Of course, as you might guess from the previous post, my mind is quite obscured and overwhelmed by emotional reactions to the daily grind and conflicts that happen when I bump up against someone who feels that what I’m doing is not quite right. Usually the person’s feeling is based on uptightness and nothing more. If you question the person, he might get angry, or argue in circles, contradict himself, get off topic and then totally deny what he started out saying. Such fruitless discussion leaves a sense of alienation, a bad taste in the mouth. It’s often better to keep quiet and not respond to verbal farts from people who don’t approve of what you’re doing.

For example, art, usually art meets with indifference, or hostility. Fortunately, enough people “get it” and have a good laugh, which is encouraging. Of course, I’d do art even if every man woman and child on the planet thought it was a waste of time. Art needs no justification or explanation. But it certainly awakens strong reactions, sometimes. Some people have ideas about what art should be. They say: John, why can’t you make something nice? Why does your art have to be so weird? Are you deliberately trying to piss people off?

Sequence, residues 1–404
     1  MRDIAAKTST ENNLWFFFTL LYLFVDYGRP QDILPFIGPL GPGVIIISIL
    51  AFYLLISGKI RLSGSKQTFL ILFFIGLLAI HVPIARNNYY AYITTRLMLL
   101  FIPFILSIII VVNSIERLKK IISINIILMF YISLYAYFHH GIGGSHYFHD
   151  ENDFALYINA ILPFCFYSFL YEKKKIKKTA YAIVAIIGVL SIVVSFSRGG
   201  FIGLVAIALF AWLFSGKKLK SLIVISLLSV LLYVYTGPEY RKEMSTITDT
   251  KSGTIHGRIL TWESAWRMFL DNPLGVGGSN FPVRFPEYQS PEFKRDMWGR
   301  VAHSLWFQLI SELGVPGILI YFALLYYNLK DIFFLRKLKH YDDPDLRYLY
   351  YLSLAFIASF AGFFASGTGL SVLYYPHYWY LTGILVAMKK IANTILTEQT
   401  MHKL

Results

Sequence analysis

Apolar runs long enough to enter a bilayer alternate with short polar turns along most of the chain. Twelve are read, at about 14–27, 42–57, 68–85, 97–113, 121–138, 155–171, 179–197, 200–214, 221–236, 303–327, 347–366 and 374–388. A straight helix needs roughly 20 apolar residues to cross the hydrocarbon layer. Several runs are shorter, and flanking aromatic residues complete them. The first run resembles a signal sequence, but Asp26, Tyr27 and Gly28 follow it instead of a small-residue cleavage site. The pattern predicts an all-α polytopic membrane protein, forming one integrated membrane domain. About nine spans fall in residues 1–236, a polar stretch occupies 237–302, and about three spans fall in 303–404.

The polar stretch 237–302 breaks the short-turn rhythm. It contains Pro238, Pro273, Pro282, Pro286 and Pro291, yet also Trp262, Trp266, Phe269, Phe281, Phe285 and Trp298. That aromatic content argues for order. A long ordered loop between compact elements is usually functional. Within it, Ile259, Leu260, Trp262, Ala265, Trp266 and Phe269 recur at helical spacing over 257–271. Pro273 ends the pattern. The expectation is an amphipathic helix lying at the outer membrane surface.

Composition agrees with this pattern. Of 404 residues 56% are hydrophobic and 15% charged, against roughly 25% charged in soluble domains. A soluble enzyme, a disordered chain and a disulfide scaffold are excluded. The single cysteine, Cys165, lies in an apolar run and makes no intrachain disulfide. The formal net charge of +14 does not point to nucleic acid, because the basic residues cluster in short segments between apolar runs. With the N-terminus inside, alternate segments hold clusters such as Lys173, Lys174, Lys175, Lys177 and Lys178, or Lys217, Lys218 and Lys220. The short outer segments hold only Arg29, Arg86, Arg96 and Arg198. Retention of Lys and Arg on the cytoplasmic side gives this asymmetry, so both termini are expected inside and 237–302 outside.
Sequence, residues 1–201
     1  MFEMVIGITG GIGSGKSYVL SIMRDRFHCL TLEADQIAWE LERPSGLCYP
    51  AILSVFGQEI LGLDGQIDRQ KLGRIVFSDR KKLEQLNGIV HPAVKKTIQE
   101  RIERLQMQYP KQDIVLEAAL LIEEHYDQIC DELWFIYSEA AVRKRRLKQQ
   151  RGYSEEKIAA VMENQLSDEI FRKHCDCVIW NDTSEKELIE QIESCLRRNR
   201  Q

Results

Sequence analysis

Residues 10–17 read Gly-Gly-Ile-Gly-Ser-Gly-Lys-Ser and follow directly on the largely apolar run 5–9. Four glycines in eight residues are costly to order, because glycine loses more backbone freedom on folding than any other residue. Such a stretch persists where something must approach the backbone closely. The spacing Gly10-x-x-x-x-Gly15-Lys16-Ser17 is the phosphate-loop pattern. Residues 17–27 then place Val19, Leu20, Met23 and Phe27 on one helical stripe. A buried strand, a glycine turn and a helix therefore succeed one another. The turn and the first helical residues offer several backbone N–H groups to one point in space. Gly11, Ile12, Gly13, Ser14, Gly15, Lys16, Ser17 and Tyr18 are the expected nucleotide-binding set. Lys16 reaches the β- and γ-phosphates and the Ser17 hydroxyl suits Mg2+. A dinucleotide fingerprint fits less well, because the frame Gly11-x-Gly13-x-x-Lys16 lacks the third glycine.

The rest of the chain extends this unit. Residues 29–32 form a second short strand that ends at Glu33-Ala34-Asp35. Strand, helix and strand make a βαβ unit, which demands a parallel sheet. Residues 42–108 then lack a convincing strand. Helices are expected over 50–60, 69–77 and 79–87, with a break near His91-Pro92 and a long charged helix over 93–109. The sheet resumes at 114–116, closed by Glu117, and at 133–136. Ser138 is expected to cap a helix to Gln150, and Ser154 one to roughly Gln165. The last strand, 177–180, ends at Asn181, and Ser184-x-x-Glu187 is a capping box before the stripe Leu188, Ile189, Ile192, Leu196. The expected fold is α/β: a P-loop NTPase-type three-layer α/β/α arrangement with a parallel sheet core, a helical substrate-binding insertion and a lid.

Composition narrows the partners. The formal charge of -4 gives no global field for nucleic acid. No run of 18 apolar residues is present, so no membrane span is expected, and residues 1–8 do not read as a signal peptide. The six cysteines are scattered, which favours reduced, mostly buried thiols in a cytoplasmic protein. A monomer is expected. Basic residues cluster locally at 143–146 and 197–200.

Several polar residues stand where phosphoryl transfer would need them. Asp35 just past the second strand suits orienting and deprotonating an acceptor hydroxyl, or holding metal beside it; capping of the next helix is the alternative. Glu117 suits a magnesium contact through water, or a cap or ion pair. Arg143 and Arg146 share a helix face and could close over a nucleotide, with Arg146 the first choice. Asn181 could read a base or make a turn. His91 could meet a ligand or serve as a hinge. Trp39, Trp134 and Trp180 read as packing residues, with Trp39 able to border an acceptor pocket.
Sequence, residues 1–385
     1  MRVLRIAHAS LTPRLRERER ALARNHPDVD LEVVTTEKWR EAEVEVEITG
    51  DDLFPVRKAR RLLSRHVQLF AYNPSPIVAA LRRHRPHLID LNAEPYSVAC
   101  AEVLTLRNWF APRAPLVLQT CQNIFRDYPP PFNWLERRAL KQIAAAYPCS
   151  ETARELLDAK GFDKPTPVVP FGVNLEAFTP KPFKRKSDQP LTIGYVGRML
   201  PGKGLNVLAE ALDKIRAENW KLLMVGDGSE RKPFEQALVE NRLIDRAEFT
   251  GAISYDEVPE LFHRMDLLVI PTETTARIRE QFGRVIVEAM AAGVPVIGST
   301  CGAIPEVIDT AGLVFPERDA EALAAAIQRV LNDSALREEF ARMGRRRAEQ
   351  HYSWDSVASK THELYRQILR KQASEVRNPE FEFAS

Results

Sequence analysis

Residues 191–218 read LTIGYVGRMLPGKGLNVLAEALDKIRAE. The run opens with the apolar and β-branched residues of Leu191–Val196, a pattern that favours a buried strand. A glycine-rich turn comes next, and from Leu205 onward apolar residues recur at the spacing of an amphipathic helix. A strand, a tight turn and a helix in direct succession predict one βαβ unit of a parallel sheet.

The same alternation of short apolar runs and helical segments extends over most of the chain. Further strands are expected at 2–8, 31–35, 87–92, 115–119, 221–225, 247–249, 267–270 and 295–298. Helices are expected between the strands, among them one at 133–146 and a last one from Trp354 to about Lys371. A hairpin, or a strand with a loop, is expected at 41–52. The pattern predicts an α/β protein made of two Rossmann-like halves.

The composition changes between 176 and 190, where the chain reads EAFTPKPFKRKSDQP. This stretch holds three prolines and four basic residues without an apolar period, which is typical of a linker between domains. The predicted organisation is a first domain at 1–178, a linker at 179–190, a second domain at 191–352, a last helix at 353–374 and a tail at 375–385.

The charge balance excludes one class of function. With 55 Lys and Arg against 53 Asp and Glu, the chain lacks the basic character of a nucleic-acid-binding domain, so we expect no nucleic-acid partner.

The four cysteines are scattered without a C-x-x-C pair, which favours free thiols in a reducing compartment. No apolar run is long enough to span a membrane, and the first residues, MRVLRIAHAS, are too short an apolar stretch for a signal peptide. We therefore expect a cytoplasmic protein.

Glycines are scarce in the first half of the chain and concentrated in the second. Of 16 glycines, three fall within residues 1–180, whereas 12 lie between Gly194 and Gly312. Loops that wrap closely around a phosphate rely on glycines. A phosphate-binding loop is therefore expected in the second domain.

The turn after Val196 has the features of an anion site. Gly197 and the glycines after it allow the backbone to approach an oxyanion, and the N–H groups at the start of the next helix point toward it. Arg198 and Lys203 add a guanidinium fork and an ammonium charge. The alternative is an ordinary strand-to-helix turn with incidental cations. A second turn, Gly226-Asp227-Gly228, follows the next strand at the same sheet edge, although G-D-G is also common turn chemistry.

Well, what am I supposed to say? Maybe I’m supposed to reply: oh yes, you’re right. My art is a waste of time. Thank you for letting me know. I will stop doing art right now. Or maybe I’ll do art that is easy to understand and enjoy, art with a simple, pleasing message. I will create images that insult and irritate nobody.

Paulo Poopini would like to take this opportunity to wish you a nice day. Paulo further underlined the urgency of this opportunity by saying: do not be bound by the wheel. I’m not sure what he means, although he did sit down to a plate of mixed vegetables and rice.

Sunday, October 19, 2008

unprofessional

Someone asked, what's anusol? It's a product similar to preparation-h. "Unprofessional" is a buzz word, used a lot these days, to describe someone who disagrees with your personal taste, vanity or views about reality. Workers often use this term of abuse towards those with less power.